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F1 pundit reveals key reason behind Ferrari's 'less rigid' Leclerc deal

F1 pundit reveals key reason behind Ferrari's 'less rigid' Leclerc deal

F1 News

F1 pundit reveals key reason behind Ferrari's 'less rigid' Leclerc deal

F1 pundit reveals key reason behind Ferrari's 'less rigid' Leclerc deal

Formula 1 pundit Lawrence Barretto has said that Charles Leclerc's new contract with Ferrari features a 'flexibility' in it which will allow both parties to see if they are the right fit for each other beyond 2026.

The 26-year-old finally put pen to paper on a new deal earlier this week, but no official length of contract was provided by either Ferrari or Leclerc.

What is known is that his initial deal ran until the end of 2024 and the five-time race winner has revealed that 'several seasons' have been added on to that, suggesting he will be there when new regulations come sweeping into Formula 1 in 2026.

Beyond that, however, is a bit of an unknown, with Ferrari needing to prove their ability to challenge for world championships in the short-term, and that they are focused on delivering when the sport's regulations change.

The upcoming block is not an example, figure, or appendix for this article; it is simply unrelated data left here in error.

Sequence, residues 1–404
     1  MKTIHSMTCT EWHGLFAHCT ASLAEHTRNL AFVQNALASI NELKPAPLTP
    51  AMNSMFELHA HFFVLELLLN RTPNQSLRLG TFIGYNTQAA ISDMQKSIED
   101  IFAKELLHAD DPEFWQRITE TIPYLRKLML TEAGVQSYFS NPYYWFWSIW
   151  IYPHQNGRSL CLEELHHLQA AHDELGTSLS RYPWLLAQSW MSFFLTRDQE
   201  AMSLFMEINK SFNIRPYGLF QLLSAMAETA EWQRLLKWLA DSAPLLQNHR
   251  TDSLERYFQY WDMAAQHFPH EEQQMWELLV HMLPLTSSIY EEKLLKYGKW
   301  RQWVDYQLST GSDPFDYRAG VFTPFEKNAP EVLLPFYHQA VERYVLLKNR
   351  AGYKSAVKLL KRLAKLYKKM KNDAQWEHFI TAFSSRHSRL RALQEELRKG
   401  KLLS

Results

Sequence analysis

Simultaneously, it will allow for Ferrari to judge Leclerc more fairly based on whether they can produce a better car, with the Monegasque's immense talent clear to see, but a poor qualifying-to-race record holding him back from the likes of Max Verstappen.

Charles Leclerc has recently signed a new contract with the Ferrari team
Charles Leclerc is hoping to challenge Max Verstappen for future world championships
Charles Leclerc has 23 career pole positions but only five race victories

Details of Leclerc's new Ferrari contract

This is a thought reiterated by Barretto, who believes that the flexible contract works best for both sides in the event of a failed future.

“A less rigid deal this time around makes sense for both sides," he told F1.com.

"The new arrangement will take Leclerc through the final year of the current regulations set in 2025 and into the following campaign with new power units – which must run 100% sustainable fuel – and revised aerodynamic rules.

“That’ll give Ferrari a chance to prove they can deliver Leclerc machinery with which he can fight for the world title when they debut their 2026 car – and it’ll give Leclerc time to assess whether that machinery is good enough or at the very least has the potential to be competitive in the next rules cycle.”

READ MORE: Sainz plans to 'bite' Leclerc as Ferrari battle intensifies

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